Introduction To Cryptocurrencies Vs Fiat Money Plus A Warning About Being Stupid

Warning: In the cryptocurrency platform, there is no safety feature built in for those who are being stupid by not paying attention, or who just aren't quite sure of what they are doing. I know, because I just learned a relatively expensive lesson. I will explain what I did to make money disappear like evil magic, and what you should do to help ensure that never happens to you, a bit later in this article.

If you are not intimately familiar with the term, cryptocurrency, you may still have heard about it. Perhaps you've overheard conversations about bitcoin? It gets mentioned in the news fairly often, and it has actually spawned, probably hundreds, of other cryptocurrencies.

To date, most people who have only heard of bitcoin in passing, are probably aware that is has something to do with some kind of new, online money, but they couldn't tell you much more than that. In case that is where you are at, let me give you a very brief introduction, (and while I'm at it, I will also briefly compare it to “normal” money.)

It is true to say that cryptocurrency is a virtual (aka digital) currency, but it isn't true to say that virtual currency is cryptocurrency. That's because virtual currency is the larger category, of which cryptocurrencies are a part of. (Think of it in musical terms: Drum & bass music is a form of electronic music, but not all electronic music is drum & bass music.)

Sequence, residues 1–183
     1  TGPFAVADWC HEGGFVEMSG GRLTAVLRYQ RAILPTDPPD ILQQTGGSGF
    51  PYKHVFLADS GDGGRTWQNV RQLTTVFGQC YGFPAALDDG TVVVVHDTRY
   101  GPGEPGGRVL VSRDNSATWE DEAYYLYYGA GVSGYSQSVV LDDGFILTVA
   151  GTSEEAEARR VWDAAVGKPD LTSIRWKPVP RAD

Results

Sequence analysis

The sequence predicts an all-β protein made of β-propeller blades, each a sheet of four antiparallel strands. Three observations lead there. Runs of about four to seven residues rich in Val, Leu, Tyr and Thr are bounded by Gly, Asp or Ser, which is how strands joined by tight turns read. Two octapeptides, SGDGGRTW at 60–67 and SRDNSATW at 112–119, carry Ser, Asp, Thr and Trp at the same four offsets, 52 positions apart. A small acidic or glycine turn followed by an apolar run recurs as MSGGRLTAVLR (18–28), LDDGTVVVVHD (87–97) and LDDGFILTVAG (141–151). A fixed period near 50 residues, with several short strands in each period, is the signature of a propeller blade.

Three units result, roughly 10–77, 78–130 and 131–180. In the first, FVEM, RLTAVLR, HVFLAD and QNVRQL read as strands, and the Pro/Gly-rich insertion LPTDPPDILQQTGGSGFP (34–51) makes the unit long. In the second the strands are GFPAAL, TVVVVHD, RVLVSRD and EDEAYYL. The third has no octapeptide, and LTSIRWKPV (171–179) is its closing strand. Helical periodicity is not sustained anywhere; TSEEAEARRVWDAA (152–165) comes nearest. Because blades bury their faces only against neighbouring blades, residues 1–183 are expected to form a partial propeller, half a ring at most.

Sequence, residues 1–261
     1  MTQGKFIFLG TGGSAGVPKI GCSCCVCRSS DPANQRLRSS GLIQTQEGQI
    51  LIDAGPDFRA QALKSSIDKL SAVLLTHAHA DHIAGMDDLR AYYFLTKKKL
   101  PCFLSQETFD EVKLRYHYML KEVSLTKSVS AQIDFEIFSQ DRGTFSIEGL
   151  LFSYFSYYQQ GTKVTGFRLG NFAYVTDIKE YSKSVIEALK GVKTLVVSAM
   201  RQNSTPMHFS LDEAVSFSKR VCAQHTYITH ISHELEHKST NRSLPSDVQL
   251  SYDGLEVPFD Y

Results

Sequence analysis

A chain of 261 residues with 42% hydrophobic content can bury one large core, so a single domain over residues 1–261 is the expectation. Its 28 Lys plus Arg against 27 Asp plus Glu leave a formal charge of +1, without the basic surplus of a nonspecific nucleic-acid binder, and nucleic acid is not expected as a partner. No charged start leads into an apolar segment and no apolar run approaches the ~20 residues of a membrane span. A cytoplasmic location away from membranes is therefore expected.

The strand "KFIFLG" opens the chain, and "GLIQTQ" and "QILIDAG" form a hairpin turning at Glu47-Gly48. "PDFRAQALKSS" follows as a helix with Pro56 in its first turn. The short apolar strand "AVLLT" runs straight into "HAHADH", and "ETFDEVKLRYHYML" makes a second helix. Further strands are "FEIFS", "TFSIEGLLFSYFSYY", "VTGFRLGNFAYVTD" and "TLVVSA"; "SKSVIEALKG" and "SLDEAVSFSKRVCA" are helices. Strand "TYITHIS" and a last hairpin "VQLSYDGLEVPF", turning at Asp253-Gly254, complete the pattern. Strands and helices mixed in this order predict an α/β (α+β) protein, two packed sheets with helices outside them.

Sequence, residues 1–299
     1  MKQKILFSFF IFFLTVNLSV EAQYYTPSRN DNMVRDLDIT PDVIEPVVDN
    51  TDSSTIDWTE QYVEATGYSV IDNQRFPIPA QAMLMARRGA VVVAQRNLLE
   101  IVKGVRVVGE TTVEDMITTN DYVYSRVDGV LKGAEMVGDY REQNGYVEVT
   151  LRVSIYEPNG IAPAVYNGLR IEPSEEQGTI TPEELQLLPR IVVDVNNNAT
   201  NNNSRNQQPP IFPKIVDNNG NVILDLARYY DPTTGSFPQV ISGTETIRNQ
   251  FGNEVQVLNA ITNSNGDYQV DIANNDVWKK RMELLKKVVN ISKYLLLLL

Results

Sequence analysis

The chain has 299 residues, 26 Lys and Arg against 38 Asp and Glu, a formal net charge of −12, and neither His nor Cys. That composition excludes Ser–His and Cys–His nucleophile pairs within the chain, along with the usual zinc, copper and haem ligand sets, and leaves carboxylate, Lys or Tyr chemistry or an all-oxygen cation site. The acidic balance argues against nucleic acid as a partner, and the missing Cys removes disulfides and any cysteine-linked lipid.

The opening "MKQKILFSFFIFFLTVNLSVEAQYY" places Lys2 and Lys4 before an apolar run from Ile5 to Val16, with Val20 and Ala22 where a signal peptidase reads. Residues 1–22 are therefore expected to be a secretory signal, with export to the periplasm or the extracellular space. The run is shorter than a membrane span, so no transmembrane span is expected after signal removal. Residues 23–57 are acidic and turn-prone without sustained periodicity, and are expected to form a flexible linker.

There have been a number of virtual (online, digital) types of alternative money – for instance, eGold,1) which was basically shut down by the US government after several years of success. The government will tell you another story, but the real reason they went after eGold is that is was competing with banks. It was vulnerable to a government attack because it was centralized, owned by a company.

Ironically, the owners of the company that created eGold were charged with money laundering. The reason that is ironic is that banks are routinely charged with knowingly laundering billions of dollars in drug money, yet the government never closes them down, or even makes a single arrest.

Cryptocurrencies, unlike eGold, are not controlled by anyone. They are decentralized. eGold was basically like what PayPal would later become, an online payment processor, but unlike PayPal, the funds were backed in gold.

Cryptocurrencies have the potential to be online payment processors (like PayPal), or money transfer services (like Western Union), but at only a tiny fraction of the cost to the user. Indeed, even now, people who hold the same crypto coins, often trade in goods or services using those coins. Yet, cryptocurrencies take it a step further.

They actually create the coins that are then brought into the world. Of course, they are not physical coins – which is one reason why they can be easily lost if you're stupid like I was – but they have real value, nonetheless.

The federal reserve notes we use as money in the United States have value mainly from the faith that the users have in them. They are known as fiat currency, since they are no longer backed in gold or silver. Decades ago, you could trade them in for precious metal, but now they are only backed by the fact that people still perceive them as valuable.

The Federal Reserve2) board, an amalgam of several huge private banks, controls the printing of money and the setting of interest rates in the United States. They are not part of the government, but they are more powerful, in many respects than the government.